A Sense of Place

I recently read Wendell Berry’s “The Long Legged House” and “A Native Hill,” both of which examine the connection of author with place. Berry chose against placing himself in New York or other career-advantageous places and determined instead to return to Kentucky, where he was born and where his family had settled. In returning, he set about to learn as much about his area as he could, from its history to its landscape, fauna, and needs. “I had ceased to be a native as men usually are, merely by chance and legality, and had begun to be native in the fashion of the birds and animals; I had begun to be born here in mind and spirit as well as in body” (LLH 166).

I like this concept and I know I am far from realizing it myself. I hear bird calls that I cannot identify, I have forgotten much of the once-entrenched knowledge I had of wildflowers. I do not feel an interiorization of the seasons, so that I absorb the timing, with the incrementally shorter and longer days regulating my blood flow, or feel the thaw inside when spring arrives again. When I see deer, though, I still feel the wonder and tingle of awe that they can step so close to what we have built on their land, and as they try to keep their patterns of living intact despite our presence. I still favor autumn over every other season, and I am far more attentive to its rhythms, sounds, smells. The other seasons i note in fragments: a still moment here, a whiff of mown grass there, a clattering of dry sedge in the frozen gusts of winter, but these are mostly accidental or incidental connections rather than a concerted effort to attend to the land. Though I know I am far more attentive to nature than most, it is not enough. It is like saying I know God better than the world at large does, while realizing that most are so dead to His reality that my knowledge is no accomplishment at all.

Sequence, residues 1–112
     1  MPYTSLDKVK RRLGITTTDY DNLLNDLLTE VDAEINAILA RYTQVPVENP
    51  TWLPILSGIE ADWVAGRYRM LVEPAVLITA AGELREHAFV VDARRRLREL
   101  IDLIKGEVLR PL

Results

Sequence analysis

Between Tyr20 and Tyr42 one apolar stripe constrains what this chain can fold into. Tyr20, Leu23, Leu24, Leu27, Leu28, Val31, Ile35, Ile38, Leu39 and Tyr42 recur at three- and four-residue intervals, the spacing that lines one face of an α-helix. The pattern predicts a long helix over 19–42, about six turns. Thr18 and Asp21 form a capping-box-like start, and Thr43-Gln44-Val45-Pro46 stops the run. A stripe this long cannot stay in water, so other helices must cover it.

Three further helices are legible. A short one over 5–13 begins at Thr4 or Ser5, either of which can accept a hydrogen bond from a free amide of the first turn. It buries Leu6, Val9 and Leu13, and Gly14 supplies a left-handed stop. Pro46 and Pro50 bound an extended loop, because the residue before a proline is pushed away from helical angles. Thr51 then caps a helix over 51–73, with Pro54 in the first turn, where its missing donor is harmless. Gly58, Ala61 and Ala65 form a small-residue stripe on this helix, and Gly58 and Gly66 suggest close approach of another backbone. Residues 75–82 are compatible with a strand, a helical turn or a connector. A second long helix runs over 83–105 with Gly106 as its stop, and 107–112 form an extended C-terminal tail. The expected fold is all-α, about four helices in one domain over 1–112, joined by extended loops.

The wonderful thing about this comparison, of course, is that in knowing the earth, I also come to know God more. They are not conflicting studies, but enriching ones, and writing of them is my best act of worship. This is blessing upon blessing, to be given permission and ability to fuse them all and make them my life work.

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